For Families: Eight Things to Teach Your Child Before Kindergarten

As any kindergarten teacher will tell you, one of the best parts of the kindergarten year is seeing each child’s growth throughout the year. The academic growth is always exciting, but it’s just as (if not more) exciting to watch kindergarteners grow in their confidence, relationships with peers, and maturity.

Another thing that any kindergarten teacher will tell you is that, although we meet and accept every child where they are, there are some things that families can do that will help their child get the best start to kindergarten possible.

Rest assured, we spend a lot of time at the beginning of the year going through routines, school expectations, etc. However, giving your child a head start on these eight particular areas will be to their benefit!

1. Teach Them Playground and Park Rules

Of course, your child’s teacher will teach the playground rules and remind children throughout the year as needed. However, it’s really helpful for families to take time to teach basic rules about playing on a playground with other children.

Here are a few rules that you can discuss and practice with your child:

  • How to take turns on swings, slides, etc.
  • How to walk safely around swings
  • How to safely go up and down stairs
  • How to interact with other children (i.e. asking politely for a turn, asking if they’d like to play, etc.)
  • How to stop playing when it’s time to go

2. Teach Them Restroom Procedures

Teaching your child how to use the restroom is a normal part of their early years. As you know, it’s really important to establish good restroom use at home, such as taking the time to flush and wash their hands well.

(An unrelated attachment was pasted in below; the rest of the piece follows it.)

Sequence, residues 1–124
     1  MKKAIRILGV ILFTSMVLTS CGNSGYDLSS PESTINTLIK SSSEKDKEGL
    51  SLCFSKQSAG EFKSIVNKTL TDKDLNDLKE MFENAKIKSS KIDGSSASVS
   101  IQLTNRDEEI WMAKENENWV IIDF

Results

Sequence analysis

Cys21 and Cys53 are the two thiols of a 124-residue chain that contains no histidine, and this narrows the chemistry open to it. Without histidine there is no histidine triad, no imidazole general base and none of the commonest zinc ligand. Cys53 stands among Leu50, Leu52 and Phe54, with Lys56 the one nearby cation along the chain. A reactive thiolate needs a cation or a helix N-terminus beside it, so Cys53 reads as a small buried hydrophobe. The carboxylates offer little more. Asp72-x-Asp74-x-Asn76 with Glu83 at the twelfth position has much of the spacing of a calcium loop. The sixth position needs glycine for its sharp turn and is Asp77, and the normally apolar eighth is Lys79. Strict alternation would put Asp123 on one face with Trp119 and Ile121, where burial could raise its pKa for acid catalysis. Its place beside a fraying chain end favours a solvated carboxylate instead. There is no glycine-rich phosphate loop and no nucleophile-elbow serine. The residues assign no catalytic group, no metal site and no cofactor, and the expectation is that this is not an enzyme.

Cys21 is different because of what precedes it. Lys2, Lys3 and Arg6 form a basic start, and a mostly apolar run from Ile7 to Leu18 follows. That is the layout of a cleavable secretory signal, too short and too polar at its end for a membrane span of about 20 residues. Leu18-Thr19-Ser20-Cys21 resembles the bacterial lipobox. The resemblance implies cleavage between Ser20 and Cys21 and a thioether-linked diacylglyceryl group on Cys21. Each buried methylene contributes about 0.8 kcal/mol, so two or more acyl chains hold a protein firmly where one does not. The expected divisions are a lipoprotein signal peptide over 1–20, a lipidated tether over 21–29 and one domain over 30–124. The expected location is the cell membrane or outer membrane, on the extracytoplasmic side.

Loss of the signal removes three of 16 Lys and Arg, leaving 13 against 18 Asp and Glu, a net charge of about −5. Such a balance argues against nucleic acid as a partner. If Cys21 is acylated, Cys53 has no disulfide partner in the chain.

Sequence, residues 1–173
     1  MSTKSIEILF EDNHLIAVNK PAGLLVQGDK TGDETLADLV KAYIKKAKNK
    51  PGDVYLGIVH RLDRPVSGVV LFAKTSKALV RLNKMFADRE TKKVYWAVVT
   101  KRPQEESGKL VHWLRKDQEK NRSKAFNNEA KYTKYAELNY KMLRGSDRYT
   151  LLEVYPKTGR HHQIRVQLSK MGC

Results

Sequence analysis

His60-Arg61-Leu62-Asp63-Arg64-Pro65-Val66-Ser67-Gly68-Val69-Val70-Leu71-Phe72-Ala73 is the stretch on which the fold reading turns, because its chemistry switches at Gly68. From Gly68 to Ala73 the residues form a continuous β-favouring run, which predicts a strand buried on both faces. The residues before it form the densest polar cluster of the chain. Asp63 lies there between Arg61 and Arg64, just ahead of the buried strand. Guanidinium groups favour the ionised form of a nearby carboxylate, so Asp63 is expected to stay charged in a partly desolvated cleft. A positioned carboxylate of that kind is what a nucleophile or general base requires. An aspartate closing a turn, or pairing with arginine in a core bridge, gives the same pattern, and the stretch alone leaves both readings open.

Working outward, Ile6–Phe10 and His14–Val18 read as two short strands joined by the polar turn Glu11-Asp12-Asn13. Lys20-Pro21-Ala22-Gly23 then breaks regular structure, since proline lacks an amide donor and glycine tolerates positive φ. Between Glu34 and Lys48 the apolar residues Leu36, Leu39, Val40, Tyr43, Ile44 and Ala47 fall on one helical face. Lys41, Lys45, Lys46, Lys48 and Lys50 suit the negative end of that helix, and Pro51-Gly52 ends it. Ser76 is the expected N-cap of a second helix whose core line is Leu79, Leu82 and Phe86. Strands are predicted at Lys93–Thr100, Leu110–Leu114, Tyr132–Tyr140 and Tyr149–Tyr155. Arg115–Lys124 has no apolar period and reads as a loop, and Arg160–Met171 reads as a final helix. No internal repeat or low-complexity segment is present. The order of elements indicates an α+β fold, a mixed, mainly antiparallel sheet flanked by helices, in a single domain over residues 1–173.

Another tip is to teach them how to use a bathroom stall. Try taking a restroom break with them while you’re out and about, such as at a restaurant or store. (If your kids are anything like mine, you probably have LOTS of opportunities to practice when you’re running errands! 😅) Knowing how to lock and unlock a bathroom stall is empowering and important for their privacy and confidence!

3. Practice Dressing Themselves

This one seems a bit obvious, but it goes beyond shirts and pants. If you live in a place where the weather gets cold, can your child zip his or her coat? Can they put on a hat and mittens?

Be sure your child wears shoes that have a Velcro strap if they cannot tie shoelaces yet. Some teachers and schools might practice that skill during the school day, but don’t rely on your child learning it at school.

4. Practice Their Name

Practicing your child’s name seems vague, and that’s intentional on my part. Some children enter kindergarten able to write their name. Others aren’t ready yet or are somewhere in between, but your child’s teacher will be prepared for them either way.

With my own children, my oldest wanted to learn how to write her name very young and did it well by age three. My second, on the other hand, had zero interest until she started preschool. Each child is different! If your child wants to write their name at home, encourage it and make it fun!

Recognizing their name (and the letters and sounds in it) is a big step toward spelling it. Consider labeling things around the house with their name, such as:

  • The inside of their coat
  • Their door (you could even make a sign together!)
  • The inside of their shoes